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In 2001, Sandra Evers-Manly spoke to US Black Engineer magazine and predicted that cheaper, high-tech filmmaking processes would create more opportunities for minorities.

She is the founder and president of the Black Hollywood Education and Resource Center in Los Angeles, which advocates for the empowerment of African Americans in the film industry.

Evers-Manly received the 2024 Co-Founders Award for The Arts at the 44th Links National Assembly this week.

This award is given to individuals who have significantly impacted the lives of others and society as a whole.

Evers-Manly is the executive producer of five short films on the impact of gang violence and the Academy Award-nominated short film “Last Breeze of Summer.”

She has developed an animated series called “Imani: the Super Little Engineer,” which introduces girls and students of color to engineering and other STEM fields.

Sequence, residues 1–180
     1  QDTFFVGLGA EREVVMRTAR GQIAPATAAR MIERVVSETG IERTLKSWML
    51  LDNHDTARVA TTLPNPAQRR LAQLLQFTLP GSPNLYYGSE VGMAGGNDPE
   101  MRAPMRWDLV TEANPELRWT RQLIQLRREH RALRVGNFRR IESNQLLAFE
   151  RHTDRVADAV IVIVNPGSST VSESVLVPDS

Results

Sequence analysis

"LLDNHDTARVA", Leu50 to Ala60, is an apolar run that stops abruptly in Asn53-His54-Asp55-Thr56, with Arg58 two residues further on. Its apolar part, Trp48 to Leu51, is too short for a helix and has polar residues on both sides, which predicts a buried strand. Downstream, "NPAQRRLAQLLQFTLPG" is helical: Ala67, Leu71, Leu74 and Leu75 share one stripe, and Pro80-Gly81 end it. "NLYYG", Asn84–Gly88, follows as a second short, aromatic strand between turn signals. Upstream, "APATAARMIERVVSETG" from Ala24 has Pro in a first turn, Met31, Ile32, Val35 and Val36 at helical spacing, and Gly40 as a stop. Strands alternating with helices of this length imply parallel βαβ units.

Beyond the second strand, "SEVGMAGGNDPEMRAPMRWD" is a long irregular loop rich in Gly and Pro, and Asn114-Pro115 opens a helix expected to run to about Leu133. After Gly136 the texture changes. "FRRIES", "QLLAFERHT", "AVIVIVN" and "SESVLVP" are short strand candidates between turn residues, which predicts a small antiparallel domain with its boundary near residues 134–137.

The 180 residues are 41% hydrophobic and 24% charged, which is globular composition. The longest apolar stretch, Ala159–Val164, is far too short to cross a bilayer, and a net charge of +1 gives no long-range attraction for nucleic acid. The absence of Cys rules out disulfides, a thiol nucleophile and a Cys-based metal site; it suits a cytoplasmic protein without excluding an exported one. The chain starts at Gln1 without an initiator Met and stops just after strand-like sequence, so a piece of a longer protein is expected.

Additionally, Evers-Manly started an initiative called “Films With A Purpose,” which has produced thought-provoking films to bring awareness to bullying, aging out of the foster care system, homelessness, and critical historical events.

During her career at Northrop Grumman, Evers-Manly was instrumental in founding and building the thriving Northrop Grumman Foundation, of which she was president.

Her team also helped Northrop Grumman receive the Ron Brown Award for Corporate Leadership and be named to DiversityInc’s Top 50 Companies list.

Evers-Manly received a salute from Great Minds in STEM for her remarkable career at Northrop Grumman after 40 impactful years, and she left the company in June 2022.

 

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